By Marina Liao
The number of reported sex offenses at Stony Brook University increased from five in 2009 to 13 in 2011, according to the Clery Report released by the University Police Department. Although this number has sky rocketed in the last two years, sexual assault is still widely underreported on Stony Brook campus and in colleges across the United States.
“A huge survey conducted by the National Institutes of Justice showed that only 5 percent of the attempted or completed rapes that occur on college campuses are reported,” said Christine Szaraz, Center of Prevention and Outreach counselor at Stony Brook. “Reporting rates for Stony Brook are consistent with these statistics.”
The underreporting of rape in Stony Brook stems from several reasons. One of them concerns where the sexual attack occured — at alcoholic parties on and off campus. Oftentimes victims do not report forced sexual encounters because they do not want to say they were drinking.
“Who wants to discuss information when they’ve been drinking? Attempted rape happens a lot at parties,” said a member of Students Empowered Against Sexual Assault at Stony Brook who wanted to remain anonymous. “I was in Baruch, Kelly [quad] for a dorm party once and I walked in on a guy trying to have sex with an intoxicated girl. I pushed him off her and said something to him.”
In addition, many victims do not report sexual assaults because they know their attacker. The National Sexual Violence Resource Center stated that in eight out of 10 rape cases, the victim knew the perpetrator.
“People do not want to say anything because it is so personal. They also might be embarrassed and afraid that people will blame them for the assault,” said Colleen Darrah, a graduate student studying social work at Stony Brook.
This is a common situation not only on campus, but also in society. The United States Justice Department released statistics that show 51.1 percent of female victims reported being raped by an intimate partner and 40.8 percent by an acquaintance.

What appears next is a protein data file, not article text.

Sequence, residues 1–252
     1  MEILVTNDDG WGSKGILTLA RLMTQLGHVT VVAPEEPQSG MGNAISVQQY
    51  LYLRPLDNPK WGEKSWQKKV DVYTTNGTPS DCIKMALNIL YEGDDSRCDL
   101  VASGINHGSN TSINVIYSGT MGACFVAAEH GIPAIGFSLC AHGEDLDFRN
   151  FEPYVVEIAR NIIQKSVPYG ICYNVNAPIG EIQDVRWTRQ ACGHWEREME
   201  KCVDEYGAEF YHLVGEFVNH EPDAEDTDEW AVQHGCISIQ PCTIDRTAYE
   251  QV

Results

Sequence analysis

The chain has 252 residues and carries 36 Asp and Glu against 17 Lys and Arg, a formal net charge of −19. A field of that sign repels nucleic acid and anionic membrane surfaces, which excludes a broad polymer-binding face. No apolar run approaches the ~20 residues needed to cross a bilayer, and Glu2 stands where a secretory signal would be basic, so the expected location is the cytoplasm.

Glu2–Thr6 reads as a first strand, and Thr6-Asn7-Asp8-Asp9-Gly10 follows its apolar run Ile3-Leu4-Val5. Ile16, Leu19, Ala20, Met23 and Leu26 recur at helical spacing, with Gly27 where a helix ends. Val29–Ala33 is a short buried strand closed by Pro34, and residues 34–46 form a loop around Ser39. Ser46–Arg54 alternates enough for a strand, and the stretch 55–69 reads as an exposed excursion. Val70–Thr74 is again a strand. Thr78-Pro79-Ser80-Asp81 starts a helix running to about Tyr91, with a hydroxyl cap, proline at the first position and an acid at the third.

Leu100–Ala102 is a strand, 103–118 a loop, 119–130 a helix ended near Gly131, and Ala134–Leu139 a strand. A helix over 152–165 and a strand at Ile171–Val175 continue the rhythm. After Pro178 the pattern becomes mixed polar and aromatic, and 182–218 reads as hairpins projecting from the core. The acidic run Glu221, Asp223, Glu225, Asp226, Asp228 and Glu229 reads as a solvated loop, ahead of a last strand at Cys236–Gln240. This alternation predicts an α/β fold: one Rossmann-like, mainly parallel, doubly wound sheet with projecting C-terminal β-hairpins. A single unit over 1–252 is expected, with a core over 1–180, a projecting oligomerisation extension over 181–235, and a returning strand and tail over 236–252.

Szaraz also said that in her course of work, underreporting contributes to the way people do not want to be labeled.
“They won’t necessarily identify (to themselves or to others) as a ‘victim’ of assault or rape,” she said in an email, “but may then go on to describe experiences that reflect the very definition of these crimes.”
While there is a general sentiment across campus as to why sexual assault is underreported, Stony Brook is making strides to overcome this barrier and shift the focus to speaking out against this type of abuse.
Throughout the academic year, CPO creates presentations like the Vagina Monologues and holds a Take a Stand/Walk with Me with SEASA to educate students about sexual violence. The walk, which will take place at 1 p.m. on Wednesday, Oct. 17 at the Sac Plaza, will involve a performance from Swallow This! and information sessions with the Victims Information Bureau of Suffolk and the Suffolk County Coalition Against Domestic Violence.
CPO also holds workshops and training sessions for the public on topics such as healthy relationships and relationship violence in order to show that abuse of any kind is not tolerated in anyone’s life in or outside of the college community.
“We work to create programs and events that reinforce a sense of bystander responsibility,” Szaraz said, “the idea that we look out for each other and take steps where we can to help prevent or improve a situation.”